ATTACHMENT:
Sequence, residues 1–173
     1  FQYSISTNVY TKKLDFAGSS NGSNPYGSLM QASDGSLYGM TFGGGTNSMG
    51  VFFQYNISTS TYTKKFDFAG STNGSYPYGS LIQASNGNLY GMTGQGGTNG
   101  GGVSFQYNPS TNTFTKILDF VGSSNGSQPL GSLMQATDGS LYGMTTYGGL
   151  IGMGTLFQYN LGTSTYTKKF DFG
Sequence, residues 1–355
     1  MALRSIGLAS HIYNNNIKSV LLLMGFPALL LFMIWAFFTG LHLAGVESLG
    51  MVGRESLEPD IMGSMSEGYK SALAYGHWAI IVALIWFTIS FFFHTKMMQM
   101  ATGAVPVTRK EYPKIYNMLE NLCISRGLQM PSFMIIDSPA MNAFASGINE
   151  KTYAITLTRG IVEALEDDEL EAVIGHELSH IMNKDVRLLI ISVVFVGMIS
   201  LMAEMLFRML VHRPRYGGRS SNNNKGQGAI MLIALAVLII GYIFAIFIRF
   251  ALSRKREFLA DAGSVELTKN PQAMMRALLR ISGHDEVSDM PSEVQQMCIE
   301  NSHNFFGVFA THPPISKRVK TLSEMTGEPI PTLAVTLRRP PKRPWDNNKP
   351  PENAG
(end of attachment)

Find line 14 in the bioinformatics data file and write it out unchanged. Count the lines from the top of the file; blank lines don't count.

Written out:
   351  PENAG